Speckle tracking was recently applied to study the myocardial mechanics of a thin-walled structure such as the LA [9598]. For the analysis, apical views are obtained using conventional 2D gray-scale echocardiography, during a breath-hold, with a stable electrocardiographic recording. The frame rate is set between 60 and 80 frames/s, and recordings are processed using acoustic-tracking software. The LA mechanical indices are calculated by averaging values observed in all LA segments (global strain) with a 15-segment or a 12-segment model. The software generates longitudinal strain and strain rate curves for each atrial segment. The radial deformation cannot be calculated because the LA wall is thin and the spatial resolution is limited [99].

2.7.8. Right ventricle

A recent methodological study has reported the feasibility, the reference values, and the reproducibility of right ventricular longitudinal strain measured by STI in normal patients and in patients with RV dysfunction [100]. The technique is similar as for LV: global strain is the average of six single segments (ROI) traced semi-automatically and processed by software packages (today, a dedicated software for RV does not exist). The evaluation of right ventricular function with STI, considering the important limitations of other parameters and methods, could offer more detailed information about regional and global RV mechanics with important clinical implications for non-invasive evaluation of RV systolic function (subclinical RV dysfunction). Further prospective studies are necessary to define its role in the management of patients.


3. Limitations

Rotation, deformation, and out-of-plane motion can cause speckle patterns to change between acquisitions (decorrelation). Loss of tracking can be limited acquiring at a proper frame rate. Image artifacts should be avoided. In general, high-quality acquisition is a prerequisite for optimal speckle-tracking results [16].

Among limitations of the method, we should include:

  1. Lack of reproducibility: even if much less compared with TDI, every STI study should include an intra- and interobserver variability testing [101];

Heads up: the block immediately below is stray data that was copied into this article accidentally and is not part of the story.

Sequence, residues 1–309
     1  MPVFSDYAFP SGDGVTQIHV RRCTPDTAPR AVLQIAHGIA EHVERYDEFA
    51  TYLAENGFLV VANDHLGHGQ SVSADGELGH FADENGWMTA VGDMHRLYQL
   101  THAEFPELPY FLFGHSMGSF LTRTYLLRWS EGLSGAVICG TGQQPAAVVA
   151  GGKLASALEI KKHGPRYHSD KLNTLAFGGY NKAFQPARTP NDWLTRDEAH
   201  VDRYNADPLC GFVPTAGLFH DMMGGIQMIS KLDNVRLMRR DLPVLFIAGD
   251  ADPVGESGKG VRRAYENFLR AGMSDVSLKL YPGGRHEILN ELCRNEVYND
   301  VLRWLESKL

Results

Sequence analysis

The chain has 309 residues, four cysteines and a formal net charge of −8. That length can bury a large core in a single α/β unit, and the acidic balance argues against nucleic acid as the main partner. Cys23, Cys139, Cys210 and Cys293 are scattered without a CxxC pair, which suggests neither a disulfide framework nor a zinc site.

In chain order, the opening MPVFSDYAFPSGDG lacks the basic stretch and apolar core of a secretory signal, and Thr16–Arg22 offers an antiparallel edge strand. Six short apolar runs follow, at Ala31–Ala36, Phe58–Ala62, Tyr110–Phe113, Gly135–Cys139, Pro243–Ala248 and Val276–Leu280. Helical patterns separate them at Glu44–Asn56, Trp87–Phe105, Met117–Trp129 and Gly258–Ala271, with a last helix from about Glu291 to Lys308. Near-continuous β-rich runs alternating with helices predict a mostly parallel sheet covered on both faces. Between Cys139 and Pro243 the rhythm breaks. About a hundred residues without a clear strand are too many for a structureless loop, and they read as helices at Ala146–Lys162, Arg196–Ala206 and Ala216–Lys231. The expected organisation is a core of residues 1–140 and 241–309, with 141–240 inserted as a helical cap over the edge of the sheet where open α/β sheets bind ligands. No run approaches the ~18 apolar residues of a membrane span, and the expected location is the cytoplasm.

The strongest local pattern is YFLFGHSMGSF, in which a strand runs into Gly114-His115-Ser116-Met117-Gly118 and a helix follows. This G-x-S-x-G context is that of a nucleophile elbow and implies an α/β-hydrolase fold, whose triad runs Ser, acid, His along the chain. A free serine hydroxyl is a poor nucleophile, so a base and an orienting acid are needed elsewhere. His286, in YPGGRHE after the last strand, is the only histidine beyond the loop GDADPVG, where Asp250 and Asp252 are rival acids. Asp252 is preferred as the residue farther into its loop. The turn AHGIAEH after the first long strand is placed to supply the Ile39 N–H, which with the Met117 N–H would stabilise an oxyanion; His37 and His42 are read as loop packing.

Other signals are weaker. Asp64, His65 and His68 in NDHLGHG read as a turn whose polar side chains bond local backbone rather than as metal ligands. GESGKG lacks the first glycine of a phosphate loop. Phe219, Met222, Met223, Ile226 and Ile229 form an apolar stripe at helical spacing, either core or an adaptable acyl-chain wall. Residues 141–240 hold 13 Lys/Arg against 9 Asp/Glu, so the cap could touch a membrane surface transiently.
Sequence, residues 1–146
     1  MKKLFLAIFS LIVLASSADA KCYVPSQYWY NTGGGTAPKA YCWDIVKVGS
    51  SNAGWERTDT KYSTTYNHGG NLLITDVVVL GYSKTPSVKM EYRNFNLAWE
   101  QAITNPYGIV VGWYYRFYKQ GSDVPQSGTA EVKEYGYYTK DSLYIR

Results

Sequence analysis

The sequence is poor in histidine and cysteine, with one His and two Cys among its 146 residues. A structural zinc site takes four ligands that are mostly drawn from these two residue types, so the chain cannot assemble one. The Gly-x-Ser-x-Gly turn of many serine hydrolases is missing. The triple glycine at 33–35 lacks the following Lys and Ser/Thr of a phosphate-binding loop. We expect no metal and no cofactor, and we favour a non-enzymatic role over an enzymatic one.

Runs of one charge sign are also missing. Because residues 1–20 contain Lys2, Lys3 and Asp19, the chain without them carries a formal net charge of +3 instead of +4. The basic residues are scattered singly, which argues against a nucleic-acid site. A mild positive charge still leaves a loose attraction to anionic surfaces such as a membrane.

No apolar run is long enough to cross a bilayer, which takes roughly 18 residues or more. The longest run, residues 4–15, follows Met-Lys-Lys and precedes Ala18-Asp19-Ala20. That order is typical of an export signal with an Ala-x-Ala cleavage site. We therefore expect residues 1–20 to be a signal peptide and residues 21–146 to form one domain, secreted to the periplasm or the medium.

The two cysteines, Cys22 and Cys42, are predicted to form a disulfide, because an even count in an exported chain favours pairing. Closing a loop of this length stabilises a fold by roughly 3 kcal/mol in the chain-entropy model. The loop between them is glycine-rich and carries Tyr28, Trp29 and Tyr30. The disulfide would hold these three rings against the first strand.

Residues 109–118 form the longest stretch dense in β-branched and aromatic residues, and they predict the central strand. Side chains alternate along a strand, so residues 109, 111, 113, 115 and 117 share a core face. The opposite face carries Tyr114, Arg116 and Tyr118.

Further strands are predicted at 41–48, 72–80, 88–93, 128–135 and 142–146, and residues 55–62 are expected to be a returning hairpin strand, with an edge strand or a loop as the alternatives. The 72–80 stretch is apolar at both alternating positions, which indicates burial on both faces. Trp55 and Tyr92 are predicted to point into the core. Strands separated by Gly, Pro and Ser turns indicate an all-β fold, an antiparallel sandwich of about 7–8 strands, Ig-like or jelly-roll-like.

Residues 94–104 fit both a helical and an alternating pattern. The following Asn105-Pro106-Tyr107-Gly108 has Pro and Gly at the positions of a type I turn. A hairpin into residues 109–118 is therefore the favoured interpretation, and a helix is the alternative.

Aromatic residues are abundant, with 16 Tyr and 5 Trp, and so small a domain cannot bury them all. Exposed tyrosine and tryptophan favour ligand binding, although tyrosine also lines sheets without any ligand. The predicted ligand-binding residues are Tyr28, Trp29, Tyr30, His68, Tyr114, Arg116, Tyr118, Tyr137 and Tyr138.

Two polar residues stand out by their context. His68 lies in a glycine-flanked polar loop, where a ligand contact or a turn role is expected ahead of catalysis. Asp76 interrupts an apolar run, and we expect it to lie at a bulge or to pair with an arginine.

2. Intervendor variability: lack of standardization results in changes in reference values [102];

  3. Oversimplification due to software processing algorithms: automatic tracking of epicardial border (assumption of uniform thickness of myocardium); averaging of parameters within a segment; drifting;

  4. 2D imaging limitations: image quality; artifacts; image dropout; frame rate (low frame: no tracking, as at high heart frequencies; high frame: limited lateral resolution); lateral resolution and depth; depth dependence of transverse tracking; out-of-plane motion in short axis limiting tracking of the same ROI; noise.

Evaluation of radial strain poses important technical challenges compared to longitudinal one.

This is due to:

  1. Measurements in the axial plane are more reliable than those that depend on lateral and elevation (or azimuthal) resolution;

  2. Limited amount of tissue to track in the short-axis view of the non-hypertrophied heart;

  3. Placement of the ROI is user defined;

  4. Intervendors’ differences.


4. Conclusions

Speckle tracking is actually a reality in echocardiography. Simple protocols of acquisition and novel processing packages have made available deformation analysis in daily clinical arena.

Overcoming many of the previous limitations, thanks to technological development, including 3D introduction and STI, offers to the cardiologists the potential benefit of a solid, fast, easy, and reproducible quantization of myocardial mechanics [37].


  1. 1. Perk G, Tunick PA, Kronzon I. Non-Doppler two-dimensional strain imaging by echocardiography – from technical considerations to clinical applications. J Am Soc Echocardiogr. 2007;20:234–243. DOI: 10.1016/j.echo.2006.08.023
  2. 2. Dandel M, Lehmkuhl H, Knosalla C, Suramelashvili N, Hetzer R. Strain and strain rate imaging by echocardiography – basic concepts and clinical applicability. Curr Cardiol Rev. 2009;5:133–148. DOI: 10.2174/157340309788166642
  3. 3. Blessberger H, Binder T. NON-invasive imaging: two dimensional speckle tracking echocardiography: basic principles. Heart. 2010;96:716–722. DOI: 10.1136/hrt.2007.141002
  4. 4. Blessberger H, Binder T. Two dimensional speckle tracking echocardiography: clinical applications. Heart. 2010;96:2032–2040. DOI: 10.1136/hrt.2010.199885